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The following was written by Ptolemos of the Mahjarrat tribe before his disappearance in the early Fourth Age.

What can change the nature of a god? Such is an example of critical thinking and, when raised for consideration, can seem innocent by itself, but given the right context can spur a movement powerful enough to topple even the mightiest of empires. Therein lies the reason why the common man is dissuaded from thinking for themselves.

Take, for example, the origin of the chaos god. Once a mortal, Zamorak strove to challenge his master for reasons unknown until now. The Empty Lord was as empty as his title. Zamorak knew this, and so sought to bring about change. Betrayal was his answer to the question.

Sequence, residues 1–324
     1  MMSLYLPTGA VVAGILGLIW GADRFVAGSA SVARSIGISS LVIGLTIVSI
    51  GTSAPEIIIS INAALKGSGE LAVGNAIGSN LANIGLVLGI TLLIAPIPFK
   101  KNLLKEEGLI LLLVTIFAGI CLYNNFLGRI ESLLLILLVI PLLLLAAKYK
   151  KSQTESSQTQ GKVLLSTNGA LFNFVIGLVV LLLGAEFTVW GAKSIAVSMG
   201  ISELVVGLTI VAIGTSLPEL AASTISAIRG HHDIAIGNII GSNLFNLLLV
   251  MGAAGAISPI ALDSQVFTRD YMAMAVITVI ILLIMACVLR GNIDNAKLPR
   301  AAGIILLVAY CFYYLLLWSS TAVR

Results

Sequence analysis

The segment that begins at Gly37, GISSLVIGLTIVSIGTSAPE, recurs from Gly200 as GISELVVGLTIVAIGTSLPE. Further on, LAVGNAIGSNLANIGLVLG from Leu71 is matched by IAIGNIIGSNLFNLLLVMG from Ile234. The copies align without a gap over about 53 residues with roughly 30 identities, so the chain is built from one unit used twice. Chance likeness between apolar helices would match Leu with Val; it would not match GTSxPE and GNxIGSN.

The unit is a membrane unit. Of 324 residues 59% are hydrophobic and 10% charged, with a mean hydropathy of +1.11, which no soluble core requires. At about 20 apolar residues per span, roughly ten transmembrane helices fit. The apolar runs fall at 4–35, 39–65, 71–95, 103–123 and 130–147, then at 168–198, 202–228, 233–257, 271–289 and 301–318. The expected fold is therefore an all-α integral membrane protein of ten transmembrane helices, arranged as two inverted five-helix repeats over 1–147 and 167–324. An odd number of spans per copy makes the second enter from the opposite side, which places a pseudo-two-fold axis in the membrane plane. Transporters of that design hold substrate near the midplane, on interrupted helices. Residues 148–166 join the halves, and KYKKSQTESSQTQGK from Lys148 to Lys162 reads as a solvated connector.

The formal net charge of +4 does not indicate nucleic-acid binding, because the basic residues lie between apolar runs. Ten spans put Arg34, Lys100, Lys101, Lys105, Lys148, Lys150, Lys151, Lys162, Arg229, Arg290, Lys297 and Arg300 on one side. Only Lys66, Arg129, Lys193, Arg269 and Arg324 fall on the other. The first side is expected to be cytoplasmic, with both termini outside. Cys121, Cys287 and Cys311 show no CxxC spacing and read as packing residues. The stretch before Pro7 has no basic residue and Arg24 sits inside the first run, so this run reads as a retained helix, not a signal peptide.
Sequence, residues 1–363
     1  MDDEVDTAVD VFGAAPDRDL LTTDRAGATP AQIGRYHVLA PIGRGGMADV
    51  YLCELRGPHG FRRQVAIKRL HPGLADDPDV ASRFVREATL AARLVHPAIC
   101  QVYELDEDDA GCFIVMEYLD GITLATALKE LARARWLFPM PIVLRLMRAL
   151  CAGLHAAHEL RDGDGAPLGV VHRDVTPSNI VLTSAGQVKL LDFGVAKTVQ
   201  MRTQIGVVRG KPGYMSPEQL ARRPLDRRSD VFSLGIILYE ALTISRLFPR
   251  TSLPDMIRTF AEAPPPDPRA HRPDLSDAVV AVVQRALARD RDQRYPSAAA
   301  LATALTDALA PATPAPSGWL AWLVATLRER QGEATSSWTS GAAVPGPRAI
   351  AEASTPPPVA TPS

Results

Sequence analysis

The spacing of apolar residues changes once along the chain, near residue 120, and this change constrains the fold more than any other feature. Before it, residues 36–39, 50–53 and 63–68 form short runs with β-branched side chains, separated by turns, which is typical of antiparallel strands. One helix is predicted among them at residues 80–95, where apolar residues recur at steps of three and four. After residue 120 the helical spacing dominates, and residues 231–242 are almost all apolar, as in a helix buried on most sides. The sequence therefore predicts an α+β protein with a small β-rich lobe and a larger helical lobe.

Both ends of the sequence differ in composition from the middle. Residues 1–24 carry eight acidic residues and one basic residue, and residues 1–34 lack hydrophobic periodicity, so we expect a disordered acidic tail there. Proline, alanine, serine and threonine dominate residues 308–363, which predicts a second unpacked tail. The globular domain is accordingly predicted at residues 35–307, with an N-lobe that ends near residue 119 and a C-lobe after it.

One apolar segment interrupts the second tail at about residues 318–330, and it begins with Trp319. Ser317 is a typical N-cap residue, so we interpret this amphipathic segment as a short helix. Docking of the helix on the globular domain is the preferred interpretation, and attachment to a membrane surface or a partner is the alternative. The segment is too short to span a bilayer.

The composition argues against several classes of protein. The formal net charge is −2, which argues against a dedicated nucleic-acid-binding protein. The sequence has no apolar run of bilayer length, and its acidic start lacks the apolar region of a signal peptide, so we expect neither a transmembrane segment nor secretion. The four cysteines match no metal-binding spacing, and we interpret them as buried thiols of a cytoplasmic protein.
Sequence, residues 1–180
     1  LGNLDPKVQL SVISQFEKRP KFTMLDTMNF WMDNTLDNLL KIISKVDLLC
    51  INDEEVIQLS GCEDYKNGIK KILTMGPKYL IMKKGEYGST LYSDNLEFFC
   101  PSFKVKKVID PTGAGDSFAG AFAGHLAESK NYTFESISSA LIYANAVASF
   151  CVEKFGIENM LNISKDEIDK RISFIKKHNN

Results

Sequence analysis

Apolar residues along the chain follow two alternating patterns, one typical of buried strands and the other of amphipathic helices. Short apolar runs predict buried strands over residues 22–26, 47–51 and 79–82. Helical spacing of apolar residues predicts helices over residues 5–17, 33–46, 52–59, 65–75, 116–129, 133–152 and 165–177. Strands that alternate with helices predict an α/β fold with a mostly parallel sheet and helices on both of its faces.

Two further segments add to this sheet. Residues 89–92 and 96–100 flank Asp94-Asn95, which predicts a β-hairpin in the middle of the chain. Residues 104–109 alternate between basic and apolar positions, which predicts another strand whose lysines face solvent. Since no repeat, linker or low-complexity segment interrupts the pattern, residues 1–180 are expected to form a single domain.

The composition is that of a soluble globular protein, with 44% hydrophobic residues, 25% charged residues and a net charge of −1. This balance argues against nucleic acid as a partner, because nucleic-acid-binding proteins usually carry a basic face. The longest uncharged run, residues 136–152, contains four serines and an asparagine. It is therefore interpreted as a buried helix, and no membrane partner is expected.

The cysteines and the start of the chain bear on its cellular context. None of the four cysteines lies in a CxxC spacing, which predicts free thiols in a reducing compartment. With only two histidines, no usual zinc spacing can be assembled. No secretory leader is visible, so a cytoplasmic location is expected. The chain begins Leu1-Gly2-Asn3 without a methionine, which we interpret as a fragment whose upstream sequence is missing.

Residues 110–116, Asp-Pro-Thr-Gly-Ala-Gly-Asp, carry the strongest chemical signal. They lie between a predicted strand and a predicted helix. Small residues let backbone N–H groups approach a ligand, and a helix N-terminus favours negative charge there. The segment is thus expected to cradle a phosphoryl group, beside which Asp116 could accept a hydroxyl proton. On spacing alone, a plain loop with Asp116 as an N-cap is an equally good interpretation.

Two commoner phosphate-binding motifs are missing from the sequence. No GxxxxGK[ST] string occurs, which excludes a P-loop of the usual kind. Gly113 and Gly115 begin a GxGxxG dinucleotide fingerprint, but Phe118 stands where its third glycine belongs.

Yet even a newborn god can be proven wrong. In the aftermath of his treachery, the chaotic ideology Zamorak and his clergy preached rang as false as the promises of his former master. It had become but another means of control. Saradomin's pretentious dogma was no better, nor was Armadyl's screeching a suitable alternative in the years that followed, for no matter how attractive your restraints, a chain is still a chain.

Reflecting on the God Wars: It should not be a question of how it came to pass, but an instance of the wrong question being asked.

Nothing can change the nature of a god. But what can change the nature of a man? Belief.

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